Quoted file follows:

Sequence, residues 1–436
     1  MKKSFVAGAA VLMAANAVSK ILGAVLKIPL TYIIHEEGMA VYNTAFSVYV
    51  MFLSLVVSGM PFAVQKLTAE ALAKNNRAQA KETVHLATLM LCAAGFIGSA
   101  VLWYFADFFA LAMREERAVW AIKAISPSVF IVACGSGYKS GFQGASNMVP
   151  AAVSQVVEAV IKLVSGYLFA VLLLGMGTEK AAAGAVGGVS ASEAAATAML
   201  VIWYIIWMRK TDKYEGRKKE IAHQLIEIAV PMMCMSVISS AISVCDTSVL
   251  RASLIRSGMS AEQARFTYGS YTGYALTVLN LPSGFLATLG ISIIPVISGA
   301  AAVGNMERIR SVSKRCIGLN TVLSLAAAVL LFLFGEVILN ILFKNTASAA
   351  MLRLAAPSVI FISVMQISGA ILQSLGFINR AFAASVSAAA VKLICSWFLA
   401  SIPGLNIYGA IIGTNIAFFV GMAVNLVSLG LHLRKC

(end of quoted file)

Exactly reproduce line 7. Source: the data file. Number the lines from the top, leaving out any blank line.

   251  RASLIRSGMS AEQARFTYGS YTGYALTVLN LPSGFLATLG ISIIPVISGA